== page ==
Review: Moving Out Turns Moving Day into a Fun Co-Op Experience

Moving Out is a fast-paced, arcade-style co-op that leans into carefree, chaotic, over-the-top gameplay.

Moving Out
Photo: Team17 Digital

Moving can be a tedious affair, but thankfully, Moving Out is far from a realistic moving simulator. Across this fast-paced co-op—which charmingly leans into carefree, chaotic, over-the-top gameplay—you’ll travel from unusual suburban homes to muddy farms and trap-filled factory floors. At each job, you’re actively encouraged to break furniture, and rules of etiquette, if it helps to more rapidly load your truck: Why lug a burdensome copier into an elevator when you can just chuck it over the balcony?

Moving Out doesn’t just de-emphasize the boring, serious parts of moving, it turns the entire process into an absurdly comic one. Your team of Furniture Arrangement and Relocation Technicians includes such colorful characters as egg-headed Sunny and ramen-cup-faced Ramone, and your journey through the aptly named town of Packmore is peppered with delightful puns: The Aaahtari Offices are haunted by a ghost, the front lawn of 21 Slick Street is covered in oil from a leaky nearby tanker, and so on.

Wacky mechanics and obstacles abound throughout the game’s 50 levels, from Dread Manor’s haunted floating chairs to the Flamethrower Factory’s titular deathtraps. Each level adds another zany complication to your job. While at first your biggest challenge may be manipulating large or oddly shaped furniture through tortuous hallways, the increasingly outlandish assignments soon become full-on obstacle courses that not only require players to optimize their routes, but to nimbly move in unison across collapsing walkways.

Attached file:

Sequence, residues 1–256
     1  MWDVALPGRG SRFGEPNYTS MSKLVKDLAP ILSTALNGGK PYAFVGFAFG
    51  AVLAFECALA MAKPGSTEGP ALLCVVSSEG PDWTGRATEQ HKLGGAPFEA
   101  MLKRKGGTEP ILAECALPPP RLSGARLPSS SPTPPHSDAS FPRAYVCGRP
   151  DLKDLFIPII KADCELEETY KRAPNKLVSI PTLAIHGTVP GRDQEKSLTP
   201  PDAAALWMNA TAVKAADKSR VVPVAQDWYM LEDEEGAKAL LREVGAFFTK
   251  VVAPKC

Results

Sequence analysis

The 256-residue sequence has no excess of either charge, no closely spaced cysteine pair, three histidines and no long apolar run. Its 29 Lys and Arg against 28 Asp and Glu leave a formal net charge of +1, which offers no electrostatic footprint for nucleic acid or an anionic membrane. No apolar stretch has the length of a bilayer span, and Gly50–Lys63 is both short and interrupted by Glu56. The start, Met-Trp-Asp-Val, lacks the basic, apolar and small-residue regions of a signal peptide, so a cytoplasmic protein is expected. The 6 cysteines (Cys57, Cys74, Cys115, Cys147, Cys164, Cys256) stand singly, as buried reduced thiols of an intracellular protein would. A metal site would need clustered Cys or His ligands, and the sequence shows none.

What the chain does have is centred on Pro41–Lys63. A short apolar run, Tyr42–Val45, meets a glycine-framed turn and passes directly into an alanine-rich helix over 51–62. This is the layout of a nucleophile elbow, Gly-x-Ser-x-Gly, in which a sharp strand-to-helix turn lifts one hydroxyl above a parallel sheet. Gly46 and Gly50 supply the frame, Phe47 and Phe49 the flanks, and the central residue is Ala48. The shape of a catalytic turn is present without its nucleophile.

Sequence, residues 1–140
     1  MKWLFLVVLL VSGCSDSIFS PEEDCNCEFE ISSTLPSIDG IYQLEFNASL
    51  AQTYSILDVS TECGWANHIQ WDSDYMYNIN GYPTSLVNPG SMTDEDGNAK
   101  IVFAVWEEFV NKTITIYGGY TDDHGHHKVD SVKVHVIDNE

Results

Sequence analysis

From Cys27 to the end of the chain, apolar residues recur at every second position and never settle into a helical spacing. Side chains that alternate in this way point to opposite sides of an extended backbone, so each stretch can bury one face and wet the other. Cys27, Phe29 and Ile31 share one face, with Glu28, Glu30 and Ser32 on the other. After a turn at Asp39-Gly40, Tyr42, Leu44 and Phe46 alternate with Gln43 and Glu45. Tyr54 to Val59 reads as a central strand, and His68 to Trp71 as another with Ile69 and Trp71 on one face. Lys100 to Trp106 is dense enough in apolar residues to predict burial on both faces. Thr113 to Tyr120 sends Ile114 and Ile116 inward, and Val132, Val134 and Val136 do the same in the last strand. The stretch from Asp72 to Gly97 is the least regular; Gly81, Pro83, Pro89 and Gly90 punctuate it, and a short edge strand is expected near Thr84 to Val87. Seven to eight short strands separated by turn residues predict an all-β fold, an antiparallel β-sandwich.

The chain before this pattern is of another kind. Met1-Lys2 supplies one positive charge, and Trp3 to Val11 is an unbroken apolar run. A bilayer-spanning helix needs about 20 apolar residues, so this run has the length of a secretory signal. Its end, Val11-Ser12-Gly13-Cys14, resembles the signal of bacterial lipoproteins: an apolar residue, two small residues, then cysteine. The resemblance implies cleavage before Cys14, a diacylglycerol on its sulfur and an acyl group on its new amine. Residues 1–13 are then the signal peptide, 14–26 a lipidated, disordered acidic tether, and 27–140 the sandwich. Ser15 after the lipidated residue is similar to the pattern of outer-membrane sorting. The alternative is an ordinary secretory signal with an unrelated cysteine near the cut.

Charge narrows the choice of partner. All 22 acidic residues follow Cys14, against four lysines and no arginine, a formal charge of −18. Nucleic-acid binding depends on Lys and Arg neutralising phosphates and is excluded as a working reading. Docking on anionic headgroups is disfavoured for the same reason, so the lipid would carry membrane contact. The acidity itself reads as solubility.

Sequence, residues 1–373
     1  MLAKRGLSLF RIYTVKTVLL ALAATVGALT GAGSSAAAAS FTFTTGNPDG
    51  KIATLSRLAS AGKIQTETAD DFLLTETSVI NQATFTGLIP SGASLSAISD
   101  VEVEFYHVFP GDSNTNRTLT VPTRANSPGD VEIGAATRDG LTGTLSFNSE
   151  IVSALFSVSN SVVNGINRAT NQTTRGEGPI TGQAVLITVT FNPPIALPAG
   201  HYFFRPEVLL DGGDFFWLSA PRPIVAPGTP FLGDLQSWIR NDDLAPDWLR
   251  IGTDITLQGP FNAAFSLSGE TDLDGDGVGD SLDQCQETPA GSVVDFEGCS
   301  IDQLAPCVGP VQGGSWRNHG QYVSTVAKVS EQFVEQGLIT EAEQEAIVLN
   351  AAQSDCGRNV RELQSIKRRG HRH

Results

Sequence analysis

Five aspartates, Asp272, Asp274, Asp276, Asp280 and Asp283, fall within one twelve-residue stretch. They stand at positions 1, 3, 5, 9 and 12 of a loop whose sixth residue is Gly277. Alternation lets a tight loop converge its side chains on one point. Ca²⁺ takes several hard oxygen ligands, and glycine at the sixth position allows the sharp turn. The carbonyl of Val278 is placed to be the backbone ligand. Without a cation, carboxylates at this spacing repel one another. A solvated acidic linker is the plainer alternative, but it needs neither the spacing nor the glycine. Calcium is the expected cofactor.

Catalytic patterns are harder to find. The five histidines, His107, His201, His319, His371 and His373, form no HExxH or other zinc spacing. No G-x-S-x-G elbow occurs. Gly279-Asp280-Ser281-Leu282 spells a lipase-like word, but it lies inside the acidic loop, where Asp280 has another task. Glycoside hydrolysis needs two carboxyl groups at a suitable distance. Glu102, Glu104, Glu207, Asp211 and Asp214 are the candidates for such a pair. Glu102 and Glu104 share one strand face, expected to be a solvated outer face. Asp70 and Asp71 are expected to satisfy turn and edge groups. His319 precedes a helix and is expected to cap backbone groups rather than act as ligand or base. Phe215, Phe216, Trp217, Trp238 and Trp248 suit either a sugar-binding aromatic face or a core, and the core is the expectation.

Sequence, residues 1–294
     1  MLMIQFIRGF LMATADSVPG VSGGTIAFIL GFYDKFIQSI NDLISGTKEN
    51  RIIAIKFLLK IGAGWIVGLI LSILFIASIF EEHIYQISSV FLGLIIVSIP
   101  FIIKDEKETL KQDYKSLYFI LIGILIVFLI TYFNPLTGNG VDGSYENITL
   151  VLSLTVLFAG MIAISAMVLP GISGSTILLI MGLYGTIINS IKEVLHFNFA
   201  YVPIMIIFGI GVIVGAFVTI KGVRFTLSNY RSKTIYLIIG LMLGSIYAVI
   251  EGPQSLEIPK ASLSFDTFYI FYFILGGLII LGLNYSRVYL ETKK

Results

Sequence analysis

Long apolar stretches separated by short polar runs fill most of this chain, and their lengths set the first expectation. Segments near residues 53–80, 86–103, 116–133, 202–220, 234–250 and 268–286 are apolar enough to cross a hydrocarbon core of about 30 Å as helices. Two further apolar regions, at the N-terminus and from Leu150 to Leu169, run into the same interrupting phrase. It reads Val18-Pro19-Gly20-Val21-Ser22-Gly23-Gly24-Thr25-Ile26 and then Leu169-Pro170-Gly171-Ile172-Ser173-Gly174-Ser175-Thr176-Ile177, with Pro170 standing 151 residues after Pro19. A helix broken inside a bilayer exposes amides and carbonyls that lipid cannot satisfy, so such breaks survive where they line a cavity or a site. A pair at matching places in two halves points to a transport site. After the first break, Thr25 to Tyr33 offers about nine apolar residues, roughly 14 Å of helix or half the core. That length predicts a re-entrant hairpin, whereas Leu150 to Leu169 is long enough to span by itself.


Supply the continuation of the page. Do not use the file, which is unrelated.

Like the gameplay, the story also proves itself to be more than capable of indulging the bizarre. The plot, delivered as dialogue between overenthusiastic employees at the start and end of each job, shifts away from a focus on the day-to-day grind of moving, sprinkled with the characters’ light commentary about their work, to a showdown with the evil, alien Pack Rats who’ve secretly been using your movers to steal all of Packmore’s furniture. Having a more active goal than just taking on new clients paves the way for action-heavy, non-traditional jobs, like a heist in which you steal back packages hidden aboard a runaway train, flinging them across the tracks and onto your truck, and a boss battle against a mech-suit-wearing adversary who uses missiles, lasers, and flames to keep you from repossessing his stash.

The only downside to the game’s action-heavy second half is that it largely lacks for the Untitled Goose Game-like appeal of the earlier levels, such as the Pepperoni Palace, where pizza is strewn across tables and floors, and the luxe Summer Chalet, whose hills are dotted with adorable snowmen. These locations subtly communicate a sense of day-to-day life with their atmospheric details. By contrast, there’s less lived-in charm to the later levels, like the Sealed Storehouse, but that’s inevitable, given that they boast wide open floor plans that are littered with deadly mechanisms, like lava-covered floors, instead of colorful tchotchkes.

Then again, this variety in level design keeps the game feeling fresh, especially when you factor in hidden bonus objectives that may require you to adopt entirely different approaches, like avoiding staircases, or finding and packing all of a client’s lawn ornaments. Changing the number of players further shakes things up: In a solo campaign, you’re strong enough to drag an object on your own, but when playing with others, you’ll have to work together.

All of these various challenges make Moving Out overwhelming in the best possible sense. Even better, accessibility options allow players to modify things like the number of hazards in or the maximum time for each level, which is nice if you want to play with friends of differing skill levels—and stay cordial with them after a failed level. While Moving Out takes pains to differentiate itself from real-world moving, there’s one area in which it remains the same, and that’s in the way it nails that feeling of accomplishment where, at the end of a move, something that once seemed impossible has nevertheless fallen perfectly into place.

The game was reviewed using a review code provided by Team17.

 Developer: SMG Studio, Devm Games  Publisher: Team17 Digital  Platform: PC  Release Date: April 28, 2020  ESRB: E  ESRB Descriptions: Mild Cartoon Violence  Buy: Game

Aaron Riccio

Aaron has been playing games since the late '80s and writing about them since the early '00s. He also obsessively writes about crossword clues at The Crossword Scholar.

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